I don't know much about the area around me. It was humid and hot when we arrived, but today is cooler. I have this theory that my body actually responds to humid heat better than dry heat, because I don't normally sweat adequately in dry heat. I suppose I still have some experimentation to do to prove my hypothesis, but not today. When we were in Texas, I think I sweat more than I probably ever have in my life. It's quite green here and there are lots of trees. It seems pretty--more so to me than the desert landscape I'm used to. I'm constantly confused about my spatial orientation, though, as I don't have the mountains to direct me. Also, I had this sense when we visited Washington as well of feeling a little isolated because you can mostly only see trees in every direction. There may be things on the other side of the trees, but you have to be in on the secret.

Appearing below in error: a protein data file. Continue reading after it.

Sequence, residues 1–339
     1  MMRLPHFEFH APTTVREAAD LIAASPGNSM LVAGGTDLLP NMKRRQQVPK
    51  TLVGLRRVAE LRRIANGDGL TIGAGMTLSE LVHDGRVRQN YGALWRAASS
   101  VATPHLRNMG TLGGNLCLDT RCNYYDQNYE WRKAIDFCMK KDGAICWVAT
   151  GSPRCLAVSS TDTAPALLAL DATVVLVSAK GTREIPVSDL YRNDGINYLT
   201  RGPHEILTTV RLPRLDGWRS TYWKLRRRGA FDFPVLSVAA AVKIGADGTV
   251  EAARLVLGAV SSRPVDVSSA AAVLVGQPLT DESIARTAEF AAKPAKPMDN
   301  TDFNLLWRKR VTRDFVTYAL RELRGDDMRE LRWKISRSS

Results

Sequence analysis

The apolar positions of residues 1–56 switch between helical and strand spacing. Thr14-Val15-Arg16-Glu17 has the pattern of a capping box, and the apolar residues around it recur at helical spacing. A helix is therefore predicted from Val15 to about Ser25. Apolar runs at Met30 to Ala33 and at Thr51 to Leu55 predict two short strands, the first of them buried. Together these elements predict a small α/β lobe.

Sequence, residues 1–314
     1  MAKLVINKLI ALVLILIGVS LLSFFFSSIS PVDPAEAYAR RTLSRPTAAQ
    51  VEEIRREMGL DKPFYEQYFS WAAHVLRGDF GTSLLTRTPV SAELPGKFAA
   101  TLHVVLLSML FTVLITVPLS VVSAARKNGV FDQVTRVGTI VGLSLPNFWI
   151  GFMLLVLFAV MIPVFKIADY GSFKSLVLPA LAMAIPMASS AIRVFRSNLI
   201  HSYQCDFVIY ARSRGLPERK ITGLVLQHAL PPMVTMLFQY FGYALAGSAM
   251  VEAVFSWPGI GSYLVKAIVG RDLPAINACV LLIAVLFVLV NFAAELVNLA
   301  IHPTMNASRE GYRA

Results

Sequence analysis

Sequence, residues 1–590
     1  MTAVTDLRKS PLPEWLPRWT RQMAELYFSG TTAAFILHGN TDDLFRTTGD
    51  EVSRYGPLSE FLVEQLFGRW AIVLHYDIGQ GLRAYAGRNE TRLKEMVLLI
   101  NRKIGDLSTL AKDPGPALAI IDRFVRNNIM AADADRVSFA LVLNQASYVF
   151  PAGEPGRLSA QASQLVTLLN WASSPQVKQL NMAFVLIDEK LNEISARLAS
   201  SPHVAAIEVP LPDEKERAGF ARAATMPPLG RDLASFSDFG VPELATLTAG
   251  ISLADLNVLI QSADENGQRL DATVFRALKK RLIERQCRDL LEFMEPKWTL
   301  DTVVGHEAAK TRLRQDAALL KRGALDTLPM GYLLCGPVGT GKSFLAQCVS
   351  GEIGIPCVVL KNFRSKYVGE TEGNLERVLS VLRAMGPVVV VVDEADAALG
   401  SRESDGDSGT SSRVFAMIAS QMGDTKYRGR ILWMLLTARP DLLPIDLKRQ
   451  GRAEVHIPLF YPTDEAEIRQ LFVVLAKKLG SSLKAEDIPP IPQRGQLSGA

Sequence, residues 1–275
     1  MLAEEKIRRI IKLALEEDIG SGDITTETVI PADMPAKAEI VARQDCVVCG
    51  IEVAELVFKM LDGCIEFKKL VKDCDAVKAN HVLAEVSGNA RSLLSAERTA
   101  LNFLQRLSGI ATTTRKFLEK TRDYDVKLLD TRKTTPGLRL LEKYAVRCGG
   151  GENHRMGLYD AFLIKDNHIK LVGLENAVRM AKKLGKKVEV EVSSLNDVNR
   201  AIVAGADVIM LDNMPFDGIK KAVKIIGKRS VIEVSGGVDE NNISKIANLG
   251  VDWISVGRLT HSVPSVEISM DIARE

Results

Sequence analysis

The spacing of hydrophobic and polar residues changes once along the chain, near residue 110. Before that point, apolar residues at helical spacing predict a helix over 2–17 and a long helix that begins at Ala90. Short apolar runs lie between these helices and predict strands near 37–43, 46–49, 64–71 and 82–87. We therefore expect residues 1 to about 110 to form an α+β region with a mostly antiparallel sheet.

I wish for a more complete kitchen, but there's a certain way in which the sparseness of our surroundings. including the fridge, is pleasing. We have a cast iron skillet, a pan, a wooden spoon, a knife, and some plastic cutlery and disposable dishes that we are reusing. It will take time to restock.